All posts by Brian Swartz

Brian Swartz

About Brian Swartz

Welcome to "Maine at War," the blog about the roles played by Maine and her sons and daughters in the Civil War. I am a Civil War buff and a newspaper editor recently retired from the Bangor Daily News. Maine sent hero upon hero — soldiers, nurses, sailors, chaplains, physicians — south to preserve their country in the 1860s. “Maine at War” introduces these heroes and heroines, who, for the most part, upheld the state's honor during that terrible conflict. We tour the battlefields where they fought, and we learn about the Civil War by focusing on Maine’s involvement with it. Be prepared: As I discover to this very day, the facts taught in American classrooms don’t always jibe with Civil War reality. I can be reached at visionsofmaine@tds.net.

Frightened Union casualties watch as their captors approach at Savage Station — Part III

Feverish with typhoid fever, Corp. Harrison Huckins of Co. K, 6th Maine Infantry Regiment, heard the rumors circulating around him by late afternoon on Sunday, June 29, 1862. One patient among the 2,500 to 3,000 sick and wounded Union soldiers confined to hospital tents at the large Federal field-hospital complex at Savage Station, Va., Huckins […]

Calais nurse cared for her patients even as Confederates advanced on Savage Station — Part II

As the ill Corp. Harrison Huckins of Eastport and Co. K, 6th Maine Infantry Regiment battled for his life inside a hospital tent on Sunday, June 29, 1862, he could hear the enemy coming. Describing himself as “being very sick with the Typhoid Fever,” Huckins lay in a tent at Savage Station, a whistle stop […]

George McClellan abandons his sick and wounded at Savage Station — Part I

Like a bullet-crippled Custer trooper watching Indian warriors approach him at the Little Big Horn battlefield, what did Corp. Harrison Huckins think as he watched Confederate soldiers walk toward him at Savage Station in Virginia on Monday, June 30, 1862? The Custer trooper knew the Indians were coming to kill him; did a similar thought […]

A Brit rides with the 1st Maine Cavalry: Part III — hell on earth at Andersonville

For a dead man, Pvt. George F. Alexander certainly was a lively corpse. Alexander actually was George Alexander McCluskey, born in Westfield, New Brunswick in August 1846. The 5-4½ , blue-eyed British subject had lied about his age to enlist in the Co. K, 1st Maine Cavalry Regiment in January 1864. The regiment lost 68 […]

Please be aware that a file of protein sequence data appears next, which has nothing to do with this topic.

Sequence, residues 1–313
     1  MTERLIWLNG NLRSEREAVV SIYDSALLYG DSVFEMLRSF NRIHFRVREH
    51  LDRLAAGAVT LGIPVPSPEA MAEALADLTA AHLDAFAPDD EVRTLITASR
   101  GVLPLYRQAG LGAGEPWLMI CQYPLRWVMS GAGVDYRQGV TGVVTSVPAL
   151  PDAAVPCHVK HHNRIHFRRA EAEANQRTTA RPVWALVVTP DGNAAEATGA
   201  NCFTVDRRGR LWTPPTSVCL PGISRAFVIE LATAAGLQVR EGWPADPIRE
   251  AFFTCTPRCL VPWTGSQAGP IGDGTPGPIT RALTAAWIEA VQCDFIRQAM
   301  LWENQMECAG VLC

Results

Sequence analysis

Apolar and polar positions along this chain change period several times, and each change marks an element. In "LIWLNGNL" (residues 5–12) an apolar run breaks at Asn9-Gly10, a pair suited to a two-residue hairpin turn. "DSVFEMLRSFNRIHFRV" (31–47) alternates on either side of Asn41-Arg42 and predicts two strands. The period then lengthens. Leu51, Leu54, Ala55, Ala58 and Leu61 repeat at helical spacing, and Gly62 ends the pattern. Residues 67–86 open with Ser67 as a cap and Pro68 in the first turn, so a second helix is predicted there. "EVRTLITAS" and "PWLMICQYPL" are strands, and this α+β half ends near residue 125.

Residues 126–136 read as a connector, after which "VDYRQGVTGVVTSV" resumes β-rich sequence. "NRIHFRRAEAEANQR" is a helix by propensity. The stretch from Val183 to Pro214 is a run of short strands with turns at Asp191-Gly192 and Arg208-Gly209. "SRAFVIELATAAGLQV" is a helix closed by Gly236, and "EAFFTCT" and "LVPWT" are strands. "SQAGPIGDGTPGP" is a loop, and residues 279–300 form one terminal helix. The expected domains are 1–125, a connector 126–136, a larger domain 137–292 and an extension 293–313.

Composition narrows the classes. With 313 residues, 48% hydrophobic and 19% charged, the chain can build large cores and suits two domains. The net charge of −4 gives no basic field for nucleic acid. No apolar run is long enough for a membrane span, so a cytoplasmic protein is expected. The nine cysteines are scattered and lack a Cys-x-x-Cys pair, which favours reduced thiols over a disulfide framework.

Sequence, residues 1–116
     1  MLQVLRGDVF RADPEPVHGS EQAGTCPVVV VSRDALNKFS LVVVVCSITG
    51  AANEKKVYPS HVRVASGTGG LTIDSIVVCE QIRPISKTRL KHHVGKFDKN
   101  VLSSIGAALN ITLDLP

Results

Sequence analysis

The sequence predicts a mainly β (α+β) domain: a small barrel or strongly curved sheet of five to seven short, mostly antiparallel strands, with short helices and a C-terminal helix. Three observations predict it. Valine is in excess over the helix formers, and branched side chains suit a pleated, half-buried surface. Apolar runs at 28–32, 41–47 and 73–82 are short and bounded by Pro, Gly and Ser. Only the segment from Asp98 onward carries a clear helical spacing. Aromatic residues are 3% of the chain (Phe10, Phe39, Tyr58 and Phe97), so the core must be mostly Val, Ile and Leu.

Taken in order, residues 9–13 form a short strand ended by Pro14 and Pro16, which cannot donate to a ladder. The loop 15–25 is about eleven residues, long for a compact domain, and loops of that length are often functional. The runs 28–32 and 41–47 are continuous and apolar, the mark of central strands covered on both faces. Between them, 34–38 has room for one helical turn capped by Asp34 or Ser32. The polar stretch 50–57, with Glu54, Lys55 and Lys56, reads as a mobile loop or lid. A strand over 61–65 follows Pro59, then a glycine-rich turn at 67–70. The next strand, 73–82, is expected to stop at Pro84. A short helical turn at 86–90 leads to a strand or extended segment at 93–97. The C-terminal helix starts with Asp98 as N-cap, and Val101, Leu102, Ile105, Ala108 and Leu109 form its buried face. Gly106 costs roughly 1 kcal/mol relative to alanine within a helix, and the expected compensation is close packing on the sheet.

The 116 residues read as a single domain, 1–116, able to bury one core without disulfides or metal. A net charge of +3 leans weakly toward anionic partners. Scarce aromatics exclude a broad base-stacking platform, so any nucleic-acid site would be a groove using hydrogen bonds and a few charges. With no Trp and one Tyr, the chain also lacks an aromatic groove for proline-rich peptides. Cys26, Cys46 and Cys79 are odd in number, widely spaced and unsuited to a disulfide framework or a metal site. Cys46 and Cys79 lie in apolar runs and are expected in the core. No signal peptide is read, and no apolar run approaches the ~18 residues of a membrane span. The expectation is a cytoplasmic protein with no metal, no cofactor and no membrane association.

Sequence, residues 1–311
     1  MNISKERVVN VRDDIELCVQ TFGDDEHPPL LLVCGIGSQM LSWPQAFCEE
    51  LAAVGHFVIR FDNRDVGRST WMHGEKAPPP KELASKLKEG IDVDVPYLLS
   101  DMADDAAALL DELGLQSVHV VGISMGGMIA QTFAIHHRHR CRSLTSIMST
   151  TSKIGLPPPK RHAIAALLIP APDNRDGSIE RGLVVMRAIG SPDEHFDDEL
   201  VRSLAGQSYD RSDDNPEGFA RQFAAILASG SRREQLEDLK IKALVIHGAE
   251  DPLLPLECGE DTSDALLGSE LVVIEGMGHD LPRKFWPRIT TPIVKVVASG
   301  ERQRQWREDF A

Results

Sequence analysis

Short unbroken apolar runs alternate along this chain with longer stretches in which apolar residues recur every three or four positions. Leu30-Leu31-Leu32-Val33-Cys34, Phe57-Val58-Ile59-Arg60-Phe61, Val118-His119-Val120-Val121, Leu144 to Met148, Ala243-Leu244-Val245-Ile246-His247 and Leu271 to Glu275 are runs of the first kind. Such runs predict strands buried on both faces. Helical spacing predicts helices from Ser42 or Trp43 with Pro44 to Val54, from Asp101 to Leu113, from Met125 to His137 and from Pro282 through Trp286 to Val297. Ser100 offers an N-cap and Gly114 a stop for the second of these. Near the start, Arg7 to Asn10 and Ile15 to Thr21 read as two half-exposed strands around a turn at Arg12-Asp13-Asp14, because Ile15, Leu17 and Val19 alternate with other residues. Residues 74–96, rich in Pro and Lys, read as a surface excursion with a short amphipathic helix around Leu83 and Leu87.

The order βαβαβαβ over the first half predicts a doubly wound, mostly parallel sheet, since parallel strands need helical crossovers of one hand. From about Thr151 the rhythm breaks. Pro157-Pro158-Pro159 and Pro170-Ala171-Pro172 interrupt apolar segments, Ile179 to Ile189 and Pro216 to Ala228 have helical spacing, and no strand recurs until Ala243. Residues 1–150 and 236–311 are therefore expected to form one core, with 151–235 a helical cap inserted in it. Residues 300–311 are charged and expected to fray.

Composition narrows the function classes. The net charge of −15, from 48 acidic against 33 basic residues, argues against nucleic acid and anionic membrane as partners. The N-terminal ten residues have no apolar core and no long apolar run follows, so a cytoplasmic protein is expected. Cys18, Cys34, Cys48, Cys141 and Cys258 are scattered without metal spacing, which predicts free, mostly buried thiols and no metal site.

A Brit rides with the 1st Maine Cav: Part II — for Queen, Country, and Andersonville!

George Alexander McCluskey (dba with the United States Army as George F. Alexander) probably rode out with Co. K, 1st Maine Cavalry on Sunday, Feb. 28, 1864 to participate in the disastrous raid that Col. Ulric Dahlgren envisioned reaching Richmond, capturing senior Confederate politicians, and releasing Union prisoners of war. Among other cavalrymen, about 500 […]

A Brit rides with the 1st Maine Cavalry: Part I — fibbing to fit in

  The young recruit so assiduously trying to enlist in the 1st Maine Cavalry Regiment on January 4, 1864 looked suspiciously young, hardly needing to shave yet. The kid swore up and down — and officially on his enlistment papers — that he was of legal age to fight for the United States. Angus P. […]

Dear old Mom asked her son to spy on his brother-in-law

Reading the recurring requests penned in his mother’s familiar cursive writing, Edwin A. Lowe gulped. He clearly understood what Lucetta S. Parker sought: information about her third oldest son — and a particular son-in-law. Re-reading Lucetta’s questions marks, Lowe gulped again. This wasn’t going to be an easy letter to write home to dear old […]

Gaines Mill: Part IV — “It was more than flesh and blood could resist”

As the battered Union right flank started to crumble at Gaines Mill around 5 p.m., Friday, June 27, 1862, Brig. Gen. Henry W. Slocum had poured in all his reserves … … including the 2nd Brigade commanded by Col. Joseph J. Bartlett. A brave man who rode his horse amidst the flying Confederate lead, Bartlett […]

Gaines Mill: Part III — The 5th Maine marches into hell

  At 5:30 a.m. on Friday, June 27, 1862, Col. Nathaniel Jackson started the 5th Maine Infantry Regiment toward the fighting — at that moment only a large-scale shootout between opposing skirmishers — nears Gaines Mill east of Richmond. Jackson’s men marched with the 2nd Brigade led by Col. Joseph J. Bartlett. Fleshed out with […]

Gaines Mill: Part II — The 2nd Maine defends Boatswain’s Creek

  As the sun rose east of Richmond, Virginia on Friday, June 27, 1862, Charles W. Roberts knew that his 2nd Maine Infantry boys were “in” for it. The previous day, Colonel Roberts and the 2nd Maine had listened for hours as Confederate troops attacked Union soldiers entrenched along Beaver Dam Creek. A Pennsylvanian division […]